7 Steps To Financing A Franchise Business

the steps

Obtaining financing for your franchise business shouldn’t be that tough…especially if you know what to do. Having business experts available can help, too.

A sizable amount of franchise business loans are Small Business Administration (SBA) loans. The Small Business Administration guarantees SBA-approved lenders a certain percentage of the loan amount if the person applying for the loan meets certain criteria…the SBA is not the lender.

Here are what lenders are looking for to approve a loan these days, courtesy of the SBA:

A. The loan must be for a sound business purpose. For SBA-guaranteed loans, the business must be eligible based on size, use of loan proceeds and the nature of the business (no lending, speculating, passive investment, pyramid sales, gambling, etc.)

B. You and your partner(s) are of good character, have experience and good personal and/or business credit history.

C. Ability to pay back the loan- reasonable to strong collateral (personal and business assets) is very important. If you’re going to obtain an SBA Loan, the SBA expects the loan to be fully secured-but they will not decline a request to guaranty a loan if the only unfavorable factor is insufficient collateral. And of course, owners must have personal equity investment in the business/skin in the game.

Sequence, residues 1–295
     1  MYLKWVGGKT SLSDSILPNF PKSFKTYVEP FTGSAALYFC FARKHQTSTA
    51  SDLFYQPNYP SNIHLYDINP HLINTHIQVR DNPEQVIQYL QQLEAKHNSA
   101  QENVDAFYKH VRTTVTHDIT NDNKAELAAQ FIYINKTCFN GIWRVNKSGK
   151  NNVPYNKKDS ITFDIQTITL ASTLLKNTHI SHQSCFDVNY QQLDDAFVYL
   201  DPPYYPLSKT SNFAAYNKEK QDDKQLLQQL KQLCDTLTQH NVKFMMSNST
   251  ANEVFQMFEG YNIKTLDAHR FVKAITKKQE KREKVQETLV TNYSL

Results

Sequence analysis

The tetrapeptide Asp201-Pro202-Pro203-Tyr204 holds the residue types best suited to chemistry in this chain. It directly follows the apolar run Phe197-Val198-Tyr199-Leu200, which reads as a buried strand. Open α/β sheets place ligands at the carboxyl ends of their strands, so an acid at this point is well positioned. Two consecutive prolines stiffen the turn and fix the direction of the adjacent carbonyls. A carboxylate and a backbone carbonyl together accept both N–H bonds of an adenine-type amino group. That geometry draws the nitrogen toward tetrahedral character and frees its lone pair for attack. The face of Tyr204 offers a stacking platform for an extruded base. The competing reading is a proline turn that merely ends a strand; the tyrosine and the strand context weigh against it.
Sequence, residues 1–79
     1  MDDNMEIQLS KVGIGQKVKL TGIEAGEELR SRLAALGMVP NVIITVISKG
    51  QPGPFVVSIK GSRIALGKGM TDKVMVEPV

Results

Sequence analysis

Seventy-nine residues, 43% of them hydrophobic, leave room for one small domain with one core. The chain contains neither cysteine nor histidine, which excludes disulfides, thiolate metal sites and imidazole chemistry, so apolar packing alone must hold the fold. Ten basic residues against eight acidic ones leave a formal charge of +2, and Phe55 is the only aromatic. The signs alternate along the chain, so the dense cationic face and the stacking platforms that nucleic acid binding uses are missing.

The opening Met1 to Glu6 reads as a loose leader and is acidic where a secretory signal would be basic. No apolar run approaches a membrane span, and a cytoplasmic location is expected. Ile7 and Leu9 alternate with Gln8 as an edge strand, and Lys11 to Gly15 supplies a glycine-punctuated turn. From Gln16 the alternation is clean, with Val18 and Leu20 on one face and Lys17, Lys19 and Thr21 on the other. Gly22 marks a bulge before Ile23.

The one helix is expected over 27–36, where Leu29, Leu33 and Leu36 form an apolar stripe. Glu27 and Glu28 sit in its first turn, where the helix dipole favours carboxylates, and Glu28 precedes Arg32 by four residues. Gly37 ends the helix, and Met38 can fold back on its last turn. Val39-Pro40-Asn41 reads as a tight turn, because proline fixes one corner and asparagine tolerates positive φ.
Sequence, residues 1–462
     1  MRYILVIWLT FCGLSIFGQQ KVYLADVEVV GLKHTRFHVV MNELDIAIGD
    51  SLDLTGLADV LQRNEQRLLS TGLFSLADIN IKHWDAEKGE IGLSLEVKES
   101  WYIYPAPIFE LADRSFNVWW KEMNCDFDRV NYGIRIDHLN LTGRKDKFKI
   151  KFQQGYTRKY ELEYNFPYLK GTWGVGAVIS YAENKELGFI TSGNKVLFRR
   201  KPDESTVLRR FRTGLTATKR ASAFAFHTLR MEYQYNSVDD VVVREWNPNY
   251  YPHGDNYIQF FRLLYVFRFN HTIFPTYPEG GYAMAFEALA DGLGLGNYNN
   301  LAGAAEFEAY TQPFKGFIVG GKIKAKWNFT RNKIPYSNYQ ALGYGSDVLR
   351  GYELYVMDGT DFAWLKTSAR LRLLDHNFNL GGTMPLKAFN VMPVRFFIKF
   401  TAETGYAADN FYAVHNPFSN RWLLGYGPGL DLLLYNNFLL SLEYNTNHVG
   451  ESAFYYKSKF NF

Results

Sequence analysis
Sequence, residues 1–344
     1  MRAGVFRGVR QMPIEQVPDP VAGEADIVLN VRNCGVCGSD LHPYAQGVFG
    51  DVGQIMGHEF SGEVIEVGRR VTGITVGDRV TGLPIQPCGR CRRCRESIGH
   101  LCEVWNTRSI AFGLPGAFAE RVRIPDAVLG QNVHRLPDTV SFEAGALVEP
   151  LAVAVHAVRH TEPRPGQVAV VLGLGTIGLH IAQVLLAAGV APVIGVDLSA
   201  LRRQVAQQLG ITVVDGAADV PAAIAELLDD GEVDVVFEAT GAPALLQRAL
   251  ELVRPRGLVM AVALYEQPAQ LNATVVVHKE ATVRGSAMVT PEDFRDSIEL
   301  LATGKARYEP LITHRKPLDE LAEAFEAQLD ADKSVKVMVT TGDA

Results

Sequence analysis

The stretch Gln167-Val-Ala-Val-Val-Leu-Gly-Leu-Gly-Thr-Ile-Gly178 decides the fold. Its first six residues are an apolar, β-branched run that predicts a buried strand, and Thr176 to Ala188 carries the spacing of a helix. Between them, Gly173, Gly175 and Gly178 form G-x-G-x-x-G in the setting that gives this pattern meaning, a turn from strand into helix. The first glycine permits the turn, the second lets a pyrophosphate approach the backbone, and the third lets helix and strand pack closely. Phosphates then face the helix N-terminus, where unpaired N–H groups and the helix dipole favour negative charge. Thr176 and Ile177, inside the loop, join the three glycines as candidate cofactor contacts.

7 Steps To Financing A Franchise

1. Have a real business plan. Use this business plan software, and/or enlist the help of a small business accountant or other financial expert. Local Small Business Development Centers are another great source.

2. Approach your personal bank first. You have a built-in relationship with them- financially. Ask them if they are an SBA Preferred Lender. Find out if they’re eager they are to earn your business.

3. Fill in all applications thoroughly. Don’t rush through the paperwork. Fill in the details. If you’re not detailed enough in your paperwork, the lender may not feel you’re able to handle the details needed to run a business.

4. Be realistic in your expectations concerning income projections. It’s much better to be conservative in your projections. If you end up doing better, fantastic. If you’re first year ends up being average, you still look good to your lender. And, looking good to your lender can be important as you expand your business…maybe you’ll want to add additional space or other franchise locations.

5. Put yourself in the lender’s shoes. Would you loan money to you for a business? Using this approach can help you “sell” your franchise business start-up to the lender.

6. It’s not that unusual to get a franchise business loan turned down these days. Some lenders are still rather conservative in their approach to small business loans. Walking into your lenders office with a powerful business plan can change that. Big time.

7. Don’t be too hard on yourself if your franchise business loan gets turned down the first time. It happens. Talk to the lender. See what’s missing. Talk to a few of the franchisees that you’ve contacted during your research. Ask them for suggestions.

You can do this!

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